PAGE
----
Generally, Adam has found that writing about dystopia is imaginative holiday for wealthy. Those learning creative writing usually have some level of comfort and some accept that and write about that, whereas others write overblown dystopias, because of their lack of experience and this does not nourish their imagination. But the fascination with end of world narratives not just part of a culture that we’re all going to die and that there is be a great gnashing and wailing to teeth, and then it all end. Dystopia touches on something major. If you examine Harry Potter series, the books Phillip Pullman, the Hunger Games and Twilight, there is a fascination with sex and death. It is a fascination that had everyone reading those books.

Caroline talked about the annoyance of Adam’s fans because they feel he’s been overlooked. Is it that his writing is so informed by his scholarship?

Adam felt his writing is psychologically personal. Bête is very personal and about being English. A friend who died was a model for the book that is about Englishness, wilderness and animals. He acknowledges that he writes in his own way, but feels he would write badly if he had to write commercially. That is the advantage of a day job. Most people he knows who don’t have a day job lead a very financially precarious life. As Adam has a day job he doesn’t have to worry about what he writes and can therefore indulge himself.

Caroline asked Adam about the scholarly reviews of his work talking about him as a Postmodernist writer of metafiction, drawing of different genres.

Adam felt this analysis of his work is correct and why he doesn’t hit bestseller list. He is a professor at a university and he has taught post modernism and critical realism, so as far as he is concerned everything is metatext. He loves the idea of a new Star Wars. But when he engages with it then it is in a metatextual way because he is drawn in by the story and its reinterpretation. But what also fascinates him is the way in which many people are interested in context. Take, for example, when James Bond in ‘Skyfall’ has to rescue M. He pulls out the DB7 he drove in ‘Goldfinger’ from a lock up. How is this car still there and in one piece, and all the gadgets still work perfectly? This is what caused outrage with the Bond fans, because they are only reading the film on the level of the text. The canonicity of the Bond series requires something in the text to explain this change. Really it is about stylistically quoting an earlier text and it’s witty. This is why he’s not worried about the fact that all the episodes of Star Wars are not neatly tied up. Samuel Delany takes up an argument that you can reproduce the world without slavishly reproducing it, because it becomes symbolic.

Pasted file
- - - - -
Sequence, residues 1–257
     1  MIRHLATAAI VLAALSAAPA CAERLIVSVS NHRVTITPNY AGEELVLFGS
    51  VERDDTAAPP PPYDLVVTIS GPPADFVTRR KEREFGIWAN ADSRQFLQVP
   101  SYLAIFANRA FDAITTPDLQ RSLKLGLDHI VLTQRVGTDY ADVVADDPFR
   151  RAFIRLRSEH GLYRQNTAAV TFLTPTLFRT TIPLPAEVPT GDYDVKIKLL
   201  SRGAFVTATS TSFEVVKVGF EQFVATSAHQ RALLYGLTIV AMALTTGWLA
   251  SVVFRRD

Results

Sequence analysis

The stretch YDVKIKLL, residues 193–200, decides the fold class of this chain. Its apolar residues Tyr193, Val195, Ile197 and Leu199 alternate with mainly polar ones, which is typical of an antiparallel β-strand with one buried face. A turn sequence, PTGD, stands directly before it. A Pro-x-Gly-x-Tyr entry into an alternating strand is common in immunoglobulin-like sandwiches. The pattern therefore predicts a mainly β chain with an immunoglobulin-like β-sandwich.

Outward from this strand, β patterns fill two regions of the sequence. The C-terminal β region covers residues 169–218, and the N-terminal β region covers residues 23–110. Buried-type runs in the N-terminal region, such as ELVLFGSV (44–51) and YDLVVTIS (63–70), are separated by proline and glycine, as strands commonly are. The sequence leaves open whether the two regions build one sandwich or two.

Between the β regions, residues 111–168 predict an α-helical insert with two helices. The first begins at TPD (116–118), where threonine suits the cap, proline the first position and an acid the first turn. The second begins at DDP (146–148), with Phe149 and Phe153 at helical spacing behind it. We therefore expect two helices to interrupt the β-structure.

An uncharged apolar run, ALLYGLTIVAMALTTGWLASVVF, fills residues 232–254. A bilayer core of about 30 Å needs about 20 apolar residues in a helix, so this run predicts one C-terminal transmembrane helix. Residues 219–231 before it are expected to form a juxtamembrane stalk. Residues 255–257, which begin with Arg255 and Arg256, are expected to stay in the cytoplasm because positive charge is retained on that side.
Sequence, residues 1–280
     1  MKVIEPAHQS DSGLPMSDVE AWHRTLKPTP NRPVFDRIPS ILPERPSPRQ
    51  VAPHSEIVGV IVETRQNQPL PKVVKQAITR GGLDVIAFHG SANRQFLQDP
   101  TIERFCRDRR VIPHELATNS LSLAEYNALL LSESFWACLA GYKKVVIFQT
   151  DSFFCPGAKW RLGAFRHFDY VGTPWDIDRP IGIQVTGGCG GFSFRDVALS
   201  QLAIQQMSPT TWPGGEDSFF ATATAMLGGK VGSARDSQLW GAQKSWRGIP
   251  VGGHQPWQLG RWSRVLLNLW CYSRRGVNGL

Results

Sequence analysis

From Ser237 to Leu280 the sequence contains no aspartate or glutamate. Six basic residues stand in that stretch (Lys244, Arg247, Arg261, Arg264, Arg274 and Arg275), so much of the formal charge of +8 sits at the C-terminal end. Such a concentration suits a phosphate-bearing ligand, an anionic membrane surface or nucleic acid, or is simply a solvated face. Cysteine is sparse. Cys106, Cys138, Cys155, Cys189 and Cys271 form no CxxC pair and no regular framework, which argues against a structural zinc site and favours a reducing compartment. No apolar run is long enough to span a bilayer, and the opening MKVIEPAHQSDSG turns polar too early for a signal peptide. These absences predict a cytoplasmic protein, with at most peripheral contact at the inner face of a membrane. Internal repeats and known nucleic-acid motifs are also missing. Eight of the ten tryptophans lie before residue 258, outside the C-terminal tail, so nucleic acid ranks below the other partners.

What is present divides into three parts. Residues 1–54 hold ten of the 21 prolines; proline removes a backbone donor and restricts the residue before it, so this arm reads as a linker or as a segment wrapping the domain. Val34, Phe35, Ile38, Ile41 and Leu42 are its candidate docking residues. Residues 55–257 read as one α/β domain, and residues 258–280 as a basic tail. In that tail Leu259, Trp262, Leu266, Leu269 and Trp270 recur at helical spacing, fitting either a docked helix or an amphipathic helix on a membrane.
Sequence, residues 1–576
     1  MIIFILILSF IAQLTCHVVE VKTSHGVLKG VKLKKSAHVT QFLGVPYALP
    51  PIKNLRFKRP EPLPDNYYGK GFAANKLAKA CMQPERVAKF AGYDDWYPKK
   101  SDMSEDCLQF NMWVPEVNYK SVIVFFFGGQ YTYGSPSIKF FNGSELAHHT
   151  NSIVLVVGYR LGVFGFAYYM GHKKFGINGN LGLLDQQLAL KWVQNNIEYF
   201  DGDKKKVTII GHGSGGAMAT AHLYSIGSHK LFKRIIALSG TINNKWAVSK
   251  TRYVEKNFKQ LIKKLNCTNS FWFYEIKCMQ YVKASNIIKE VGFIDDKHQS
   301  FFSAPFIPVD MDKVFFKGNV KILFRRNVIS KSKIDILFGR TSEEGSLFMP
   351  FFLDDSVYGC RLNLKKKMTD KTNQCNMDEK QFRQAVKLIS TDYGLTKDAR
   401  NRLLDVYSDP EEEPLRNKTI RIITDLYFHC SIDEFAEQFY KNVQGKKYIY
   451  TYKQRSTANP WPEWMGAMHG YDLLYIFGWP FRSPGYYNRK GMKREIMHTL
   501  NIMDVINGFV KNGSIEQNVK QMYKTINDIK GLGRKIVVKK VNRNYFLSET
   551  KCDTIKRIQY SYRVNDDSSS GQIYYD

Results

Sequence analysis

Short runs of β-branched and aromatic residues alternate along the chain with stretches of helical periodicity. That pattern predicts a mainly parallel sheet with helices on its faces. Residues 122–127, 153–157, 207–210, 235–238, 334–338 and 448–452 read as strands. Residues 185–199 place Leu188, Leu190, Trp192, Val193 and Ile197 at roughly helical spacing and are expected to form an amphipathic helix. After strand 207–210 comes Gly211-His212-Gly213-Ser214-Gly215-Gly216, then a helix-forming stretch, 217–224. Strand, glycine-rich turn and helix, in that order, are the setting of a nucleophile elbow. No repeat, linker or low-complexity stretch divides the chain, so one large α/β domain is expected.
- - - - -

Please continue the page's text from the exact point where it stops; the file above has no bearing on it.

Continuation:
Caroline talked about Adam Roberts as the satirist referencing Yellow Blue Tibia, New Model Army and Jack Glass.

Adam loves to read and write irony. This all came to ahead after David Foster Wallace died. He hated irony considering it a disease that rotted society and that’s what he wrote about in Infinite Jest. There’s something about the nature of feelings, because often feelings are the last things we understand. The defining moment in science fiction for Adam is the moment at the beginning of ‘2001 Space Odyssey’ where the hominids in North Africa begin to see the world in a new way. A bone is thrown up into the sky and changes into a spaceship. That jump up is the moment in science fiction of the conceptual leap that is both beautifully eloquent and rational. The greatest science fiction is affective and the same thing that works in poetic imagery and metaphor. Adam said he felt that is how jokes work. The listener expects a particular trajectory, but then the joke suddenly moves in a different direction. The reaction to joke reveals person’s anxiety.

Adam made the point that if you want to write commercial of fiction you need to produce likeable identifiable characters in a linear narrative so the reader cares for the characters. Turning your back on that is cutting your own throat. The character has to have coherence and plausibility, but Adam argued that we are not coherent across time. We can change from one year to the next. When he read Proust, he discovered something striking about Swann. In volume one he has turned his back on the prostitute he was involved with and had to be conventional, but by the beginning volume two he’s married to her and she’s very different person. Proust identified that this is how people are. People are not rich and full of character, they are shallow and beyond a certain level of intimacy it would be oppressive. Anyone who tries to play around with established structure then becomes criticised. Proust and modern playwright Samuel Beckett have an extraordinary style, breaking up continuity and how subjective life can be.